At one point in your life, you may have used medication. Did you stop to think whether that medicine was safe for you to use? Did you question the choice? Were you asked if you have an allergy? Were you told how to store the medication? These are some discussion points that you should have with your pharmacist before taking any medication.
This ensures medication safety — the freedom from preventable harm with its use.
It is important to involve patients in decisions about their medicines because this improves their appropriate use. Good communication and good practices when prescribing medicines can help patients to have a more active role in their treatment and reduce any shortcomings.
Health professionals including doctors, nurses, pharmacists, pharmaceutical technologists and specialists may be involved in prescribing and managing patient’s medicines.
These professionals should have the relevant knowledge and skills to help patients with their medicines. Social workers may also be involved in the care of patients. Healthcare providers should talk to patients about getting the most from their medicines and explain any necessary support they can be offered to enable them to make informed decisions.
The patients’ family or caregiver can be involved in helping the sick make decisions as well, with the patients’ approval, especially where children and the elderly are involved.
They can discuss with their pharmacist about the different treatment options, how the medicines are likely to benefit them, and any anticipated side effects. Healthcare providers should use the best available evidence when discussing medicines with patients. They should also ask patients what is important to them about managing their condition and their medicines, and consider patient values and preferences when deciding on treatment.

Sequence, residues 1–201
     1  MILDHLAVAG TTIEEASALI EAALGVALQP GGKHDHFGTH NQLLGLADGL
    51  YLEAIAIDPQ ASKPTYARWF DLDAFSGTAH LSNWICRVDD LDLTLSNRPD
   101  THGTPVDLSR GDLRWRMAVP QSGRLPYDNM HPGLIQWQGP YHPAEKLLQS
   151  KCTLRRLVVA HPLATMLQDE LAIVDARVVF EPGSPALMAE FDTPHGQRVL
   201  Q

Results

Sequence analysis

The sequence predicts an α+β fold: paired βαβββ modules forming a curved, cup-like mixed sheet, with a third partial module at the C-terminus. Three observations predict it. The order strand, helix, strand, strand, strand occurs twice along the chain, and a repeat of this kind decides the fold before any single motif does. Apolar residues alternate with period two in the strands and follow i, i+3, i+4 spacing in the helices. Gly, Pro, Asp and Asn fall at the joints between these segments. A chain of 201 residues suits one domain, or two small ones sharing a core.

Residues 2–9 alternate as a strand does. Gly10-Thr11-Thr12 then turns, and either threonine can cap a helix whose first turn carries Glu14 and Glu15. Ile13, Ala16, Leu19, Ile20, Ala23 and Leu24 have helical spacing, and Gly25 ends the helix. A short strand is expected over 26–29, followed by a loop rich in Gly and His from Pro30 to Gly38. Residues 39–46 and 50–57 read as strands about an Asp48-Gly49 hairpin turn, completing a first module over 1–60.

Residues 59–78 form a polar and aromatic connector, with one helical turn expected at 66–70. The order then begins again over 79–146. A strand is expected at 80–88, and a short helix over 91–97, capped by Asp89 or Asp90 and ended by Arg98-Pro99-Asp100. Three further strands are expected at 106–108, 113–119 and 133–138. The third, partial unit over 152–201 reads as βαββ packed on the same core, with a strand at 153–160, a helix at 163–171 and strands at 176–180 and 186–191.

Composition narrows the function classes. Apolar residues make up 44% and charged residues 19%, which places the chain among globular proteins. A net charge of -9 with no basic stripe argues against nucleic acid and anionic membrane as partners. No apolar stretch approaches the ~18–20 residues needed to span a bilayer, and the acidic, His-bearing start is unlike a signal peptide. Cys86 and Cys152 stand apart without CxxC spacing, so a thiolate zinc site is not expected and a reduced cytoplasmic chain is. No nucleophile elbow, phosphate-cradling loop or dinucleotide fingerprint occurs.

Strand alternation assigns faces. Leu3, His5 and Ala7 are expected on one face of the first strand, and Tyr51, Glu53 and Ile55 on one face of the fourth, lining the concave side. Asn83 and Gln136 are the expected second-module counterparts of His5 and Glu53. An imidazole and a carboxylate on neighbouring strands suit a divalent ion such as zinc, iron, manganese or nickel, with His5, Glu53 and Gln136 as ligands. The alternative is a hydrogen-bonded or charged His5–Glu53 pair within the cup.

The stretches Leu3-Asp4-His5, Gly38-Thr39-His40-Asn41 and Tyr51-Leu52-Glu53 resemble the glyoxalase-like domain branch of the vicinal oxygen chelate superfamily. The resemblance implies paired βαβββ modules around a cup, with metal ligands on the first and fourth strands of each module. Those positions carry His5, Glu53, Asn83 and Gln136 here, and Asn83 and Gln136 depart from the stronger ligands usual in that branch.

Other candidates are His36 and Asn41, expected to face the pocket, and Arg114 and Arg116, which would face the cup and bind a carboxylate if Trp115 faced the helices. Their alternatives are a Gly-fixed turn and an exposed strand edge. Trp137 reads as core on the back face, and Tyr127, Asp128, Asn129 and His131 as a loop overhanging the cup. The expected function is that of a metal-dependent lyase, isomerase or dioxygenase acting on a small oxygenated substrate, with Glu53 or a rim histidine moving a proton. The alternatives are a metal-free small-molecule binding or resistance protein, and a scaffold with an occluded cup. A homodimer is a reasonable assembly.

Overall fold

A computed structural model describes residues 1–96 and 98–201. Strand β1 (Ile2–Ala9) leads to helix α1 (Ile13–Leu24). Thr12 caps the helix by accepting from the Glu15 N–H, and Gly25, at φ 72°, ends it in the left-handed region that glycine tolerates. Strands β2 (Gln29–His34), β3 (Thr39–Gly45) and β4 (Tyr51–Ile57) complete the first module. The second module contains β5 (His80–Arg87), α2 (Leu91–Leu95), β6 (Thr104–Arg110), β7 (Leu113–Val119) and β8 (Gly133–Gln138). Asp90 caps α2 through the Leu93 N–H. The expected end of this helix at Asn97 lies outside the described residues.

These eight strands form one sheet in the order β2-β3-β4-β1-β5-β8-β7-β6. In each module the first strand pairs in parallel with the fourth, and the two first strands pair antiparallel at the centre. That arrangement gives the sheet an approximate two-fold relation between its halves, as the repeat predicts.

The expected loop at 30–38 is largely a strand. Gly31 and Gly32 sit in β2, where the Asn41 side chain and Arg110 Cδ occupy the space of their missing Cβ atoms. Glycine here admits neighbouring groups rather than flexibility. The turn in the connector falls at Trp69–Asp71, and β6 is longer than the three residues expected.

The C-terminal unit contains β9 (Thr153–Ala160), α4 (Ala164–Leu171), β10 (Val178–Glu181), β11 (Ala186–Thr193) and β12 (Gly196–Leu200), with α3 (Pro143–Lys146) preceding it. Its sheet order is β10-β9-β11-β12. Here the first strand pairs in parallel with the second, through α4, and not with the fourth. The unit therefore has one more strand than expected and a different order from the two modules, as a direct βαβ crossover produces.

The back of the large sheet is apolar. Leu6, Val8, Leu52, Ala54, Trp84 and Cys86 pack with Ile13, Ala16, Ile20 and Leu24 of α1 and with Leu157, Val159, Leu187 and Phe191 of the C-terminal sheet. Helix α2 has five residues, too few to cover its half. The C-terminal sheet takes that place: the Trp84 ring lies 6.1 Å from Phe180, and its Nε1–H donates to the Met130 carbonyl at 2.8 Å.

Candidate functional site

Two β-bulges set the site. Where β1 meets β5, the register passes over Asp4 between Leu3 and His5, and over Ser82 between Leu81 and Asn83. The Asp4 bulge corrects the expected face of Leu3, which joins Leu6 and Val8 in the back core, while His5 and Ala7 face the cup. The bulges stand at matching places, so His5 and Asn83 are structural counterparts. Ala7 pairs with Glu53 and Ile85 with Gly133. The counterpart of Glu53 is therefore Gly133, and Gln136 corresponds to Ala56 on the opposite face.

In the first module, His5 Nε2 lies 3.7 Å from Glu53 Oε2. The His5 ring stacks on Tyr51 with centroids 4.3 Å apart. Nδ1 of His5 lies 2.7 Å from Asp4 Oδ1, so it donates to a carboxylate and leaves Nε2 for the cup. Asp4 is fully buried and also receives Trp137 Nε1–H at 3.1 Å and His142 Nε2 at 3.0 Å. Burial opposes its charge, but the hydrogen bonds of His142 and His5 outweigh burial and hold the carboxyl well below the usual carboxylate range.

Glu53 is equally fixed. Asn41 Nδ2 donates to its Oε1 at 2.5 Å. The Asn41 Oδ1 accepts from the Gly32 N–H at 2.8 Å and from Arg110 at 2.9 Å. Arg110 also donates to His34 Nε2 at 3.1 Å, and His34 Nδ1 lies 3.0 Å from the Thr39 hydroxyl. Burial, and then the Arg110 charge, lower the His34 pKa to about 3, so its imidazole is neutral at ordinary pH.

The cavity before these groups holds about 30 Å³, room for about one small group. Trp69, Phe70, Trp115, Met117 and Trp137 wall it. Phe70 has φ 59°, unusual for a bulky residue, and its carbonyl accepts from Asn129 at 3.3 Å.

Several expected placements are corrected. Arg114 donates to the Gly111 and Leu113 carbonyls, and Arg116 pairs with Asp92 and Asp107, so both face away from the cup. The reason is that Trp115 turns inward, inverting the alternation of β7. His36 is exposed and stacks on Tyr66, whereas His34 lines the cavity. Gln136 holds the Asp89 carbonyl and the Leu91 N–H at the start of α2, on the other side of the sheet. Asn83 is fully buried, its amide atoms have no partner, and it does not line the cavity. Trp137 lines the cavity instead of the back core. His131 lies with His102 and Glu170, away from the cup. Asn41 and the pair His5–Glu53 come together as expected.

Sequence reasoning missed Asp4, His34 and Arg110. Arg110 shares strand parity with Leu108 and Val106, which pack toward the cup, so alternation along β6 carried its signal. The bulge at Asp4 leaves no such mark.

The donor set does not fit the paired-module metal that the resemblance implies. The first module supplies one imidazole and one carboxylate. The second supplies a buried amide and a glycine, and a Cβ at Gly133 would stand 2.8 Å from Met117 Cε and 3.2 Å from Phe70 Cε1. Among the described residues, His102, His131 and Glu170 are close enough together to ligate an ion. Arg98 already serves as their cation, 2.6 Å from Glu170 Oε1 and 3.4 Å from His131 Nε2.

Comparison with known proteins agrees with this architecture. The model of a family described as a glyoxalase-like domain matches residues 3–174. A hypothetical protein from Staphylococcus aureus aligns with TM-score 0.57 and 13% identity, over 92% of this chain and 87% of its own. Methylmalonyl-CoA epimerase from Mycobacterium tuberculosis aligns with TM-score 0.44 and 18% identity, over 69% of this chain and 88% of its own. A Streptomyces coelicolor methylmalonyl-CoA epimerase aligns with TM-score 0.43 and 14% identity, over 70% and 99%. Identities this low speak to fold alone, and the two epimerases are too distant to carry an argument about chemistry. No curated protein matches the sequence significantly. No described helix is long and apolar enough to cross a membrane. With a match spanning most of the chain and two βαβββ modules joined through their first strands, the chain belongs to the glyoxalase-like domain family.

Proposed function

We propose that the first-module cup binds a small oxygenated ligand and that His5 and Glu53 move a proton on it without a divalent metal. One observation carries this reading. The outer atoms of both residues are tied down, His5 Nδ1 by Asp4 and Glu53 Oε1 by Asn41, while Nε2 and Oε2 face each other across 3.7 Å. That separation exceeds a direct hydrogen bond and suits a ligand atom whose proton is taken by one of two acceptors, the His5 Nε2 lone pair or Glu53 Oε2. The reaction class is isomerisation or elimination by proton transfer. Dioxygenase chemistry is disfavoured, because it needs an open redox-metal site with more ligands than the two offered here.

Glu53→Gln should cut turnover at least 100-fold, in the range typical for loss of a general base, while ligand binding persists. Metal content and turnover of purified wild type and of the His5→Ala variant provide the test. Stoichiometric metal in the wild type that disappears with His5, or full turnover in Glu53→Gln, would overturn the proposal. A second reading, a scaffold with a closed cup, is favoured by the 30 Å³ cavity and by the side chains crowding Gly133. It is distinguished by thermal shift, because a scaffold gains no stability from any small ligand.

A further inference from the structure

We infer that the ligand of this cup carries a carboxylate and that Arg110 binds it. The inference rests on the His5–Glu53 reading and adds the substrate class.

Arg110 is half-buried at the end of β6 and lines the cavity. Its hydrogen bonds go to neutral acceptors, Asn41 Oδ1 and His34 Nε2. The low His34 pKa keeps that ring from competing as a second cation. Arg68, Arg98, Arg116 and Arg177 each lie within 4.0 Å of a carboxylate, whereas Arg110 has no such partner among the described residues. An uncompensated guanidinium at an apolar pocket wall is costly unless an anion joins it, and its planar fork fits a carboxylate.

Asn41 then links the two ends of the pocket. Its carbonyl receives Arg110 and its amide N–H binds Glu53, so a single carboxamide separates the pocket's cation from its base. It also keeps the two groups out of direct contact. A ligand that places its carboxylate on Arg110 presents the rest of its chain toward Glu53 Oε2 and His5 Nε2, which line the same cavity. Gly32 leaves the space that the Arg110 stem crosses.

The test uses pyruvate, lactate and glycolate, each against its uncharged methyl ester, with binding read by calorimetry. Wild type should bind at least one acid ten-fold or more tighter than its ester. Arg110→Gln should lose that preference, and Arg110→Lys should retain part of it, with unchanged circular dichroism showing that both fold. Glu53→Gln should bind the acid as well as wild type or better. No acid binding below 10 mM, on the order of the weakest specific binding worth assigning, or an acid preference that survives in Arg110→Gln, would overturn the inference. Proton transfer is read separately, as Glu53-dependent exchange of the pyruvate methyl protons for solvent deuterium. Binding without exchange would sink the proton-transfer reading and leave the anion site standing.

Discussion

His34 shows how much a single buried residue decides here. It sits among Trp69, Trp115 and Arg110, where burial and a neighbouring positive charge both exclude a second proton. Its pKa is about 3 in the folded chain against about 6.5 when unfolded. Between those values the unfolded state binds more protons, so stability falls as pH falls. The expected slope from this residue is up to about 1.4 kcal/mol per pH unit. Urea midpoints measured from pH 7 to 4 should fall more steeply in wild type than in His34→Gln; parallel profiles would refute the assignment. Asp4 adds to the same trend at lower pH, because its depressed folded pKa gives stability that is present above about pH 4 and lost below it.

Health workers may suggest using patient decision aid tools to help patients. This tool can be used during an appointment to help patients weigh the risks and benefits of treatments depending on their health, lifestyle and preferences.
More than one appointment may be necessary before a treatment option is selected.
A patient should be able to talk about their decision again and change their mind, especially if health or circumstances change.
Health staff should have an up-to-date list of all the medicines patients are taking, especially if they readmitted to hospitals, transferred to a different hospital or when they are discharged.
During transitions of care, relevant information about patient’s medicines is discussed and shared with them, family members or caregivers.
Information about patients and their medicines should also be shared between health and social care practitioners involved. This ensures that everyone involved in the patient’s care has the information required to help prevent mistakes with their medicines wherever possible.
In the case of patients taking several medicines, those who have a chronic ailment, or the elderly, a healthcare professional may arrange a meeting with them to discuss whether they are getting the best from their drugs. The patient’s family or caregiver may be involved in this meeting. The support could also include advice from a pharmacist, telephone support or home visits by a doctor or nurse.
Pharmacy staff through the concept of therapeutic drug monitoring can facilitate appropriate dose adjustments to ensure optimal treatment outcomes. Hospitals should embrace this concept to promote safe medication use in special populations.
The writers are Clinical Pharmacists at Aga Khan University Hospital.